Veterans, families mark 74 years since Allied D-Day landings

COLLEVILLE-SUR-MER, France (AP) — Families of fallen soldiers and dwindling numbers of veterans of the D-Day invasion gathered on the Normandy shore Wednesday to mark 74 years since the massive military operation that helped change the course of World War II.

Powerful gusts of wind blew through a heavy mist as relatives and others paid respects at the American military cemetery at Colleville-sur-Mer, above the sandy expanse known as Omaha Beach.

Ceremonies have been held this week at memorial sites along the cliffs and sandy expanse where Allied forces landed in Nazi-occupied France.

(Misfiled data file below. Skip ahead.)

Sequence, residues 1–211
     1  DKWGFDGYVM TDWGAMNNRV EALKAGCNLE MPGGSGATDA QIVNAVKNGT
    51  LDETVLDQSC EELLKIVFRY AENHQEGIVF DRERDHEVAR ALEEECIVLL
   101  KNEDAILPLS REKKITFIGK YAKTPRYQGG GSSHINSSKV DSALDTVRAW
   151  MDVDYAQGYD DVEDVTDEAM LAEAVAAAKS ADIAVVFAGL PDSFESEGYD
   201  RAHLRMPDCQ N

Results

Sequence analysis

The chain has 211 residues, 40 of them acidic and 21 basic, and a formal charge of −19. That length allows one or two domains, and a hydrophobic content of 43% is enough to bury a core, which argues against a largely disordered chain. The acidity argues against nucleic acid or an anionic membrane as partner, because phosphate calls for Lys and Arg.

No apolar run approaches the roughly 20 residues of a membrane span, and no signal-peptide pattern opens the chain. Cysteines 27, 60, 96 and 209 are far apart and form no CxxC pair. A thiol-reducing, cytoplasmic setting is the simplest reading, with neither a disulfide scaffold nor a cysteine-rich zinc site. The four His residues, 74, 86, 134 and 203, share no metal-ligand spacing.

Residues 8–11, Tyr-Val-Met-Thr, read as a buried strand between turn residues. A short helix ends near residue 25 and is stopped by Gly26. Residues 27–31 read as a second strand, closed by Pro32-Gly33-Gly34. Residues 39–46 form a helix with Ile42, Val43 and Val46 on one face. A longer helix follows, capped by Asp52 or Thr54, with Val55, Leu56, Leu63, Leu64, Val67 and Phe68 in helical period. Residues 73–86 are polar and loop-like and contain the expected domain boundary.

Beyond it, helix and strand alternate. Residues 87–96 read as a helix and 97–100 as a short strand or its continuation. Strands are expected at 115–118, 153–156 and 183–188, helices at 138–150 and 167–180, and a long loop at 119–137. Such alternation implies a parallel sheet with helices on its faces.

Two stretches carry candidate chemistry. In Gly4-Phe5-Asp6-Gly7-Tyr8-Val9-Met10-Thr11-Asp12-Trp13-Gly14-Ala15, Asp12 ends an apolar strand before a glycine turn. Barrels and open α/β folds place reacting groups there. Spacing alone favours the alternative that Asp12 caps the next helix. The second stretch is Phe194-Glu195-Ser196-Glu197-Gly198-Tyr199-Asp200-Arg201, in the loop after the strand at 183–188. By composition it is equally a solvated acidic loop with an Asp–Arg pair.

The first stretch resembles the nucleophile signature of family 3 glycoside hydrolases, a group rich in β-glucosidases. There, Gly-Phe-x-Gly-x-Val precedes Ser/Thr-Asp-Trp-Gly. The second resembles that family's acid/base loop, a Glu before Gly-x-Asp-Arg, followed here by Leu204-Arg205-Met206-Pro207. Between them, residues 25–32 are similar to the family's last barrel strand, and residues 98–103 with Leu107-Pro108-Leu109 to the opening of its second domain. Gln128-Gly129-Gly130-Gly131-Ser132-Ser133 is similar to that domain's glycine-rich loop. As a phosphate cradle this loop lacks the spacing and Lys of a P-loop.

Thousands of U.S., British, Canadian and French troops launched a combined naval, air and land assault as dawn was breaking on June 6, 1944. The invasion weakened the Nazis’ hold on Western Europe after they suffered a punishing defeat in Stalingrad in the east.

American tourists and Dutch military history enthusiasts were among those visiting the memorial sites Wednesday, mingling with families of victims of the Battle of Normandy buried in cemeteries sprinkled around the region.

This year’s commemorations were relatively low-key, while bigger events are planned for the 75th anniversary next year.

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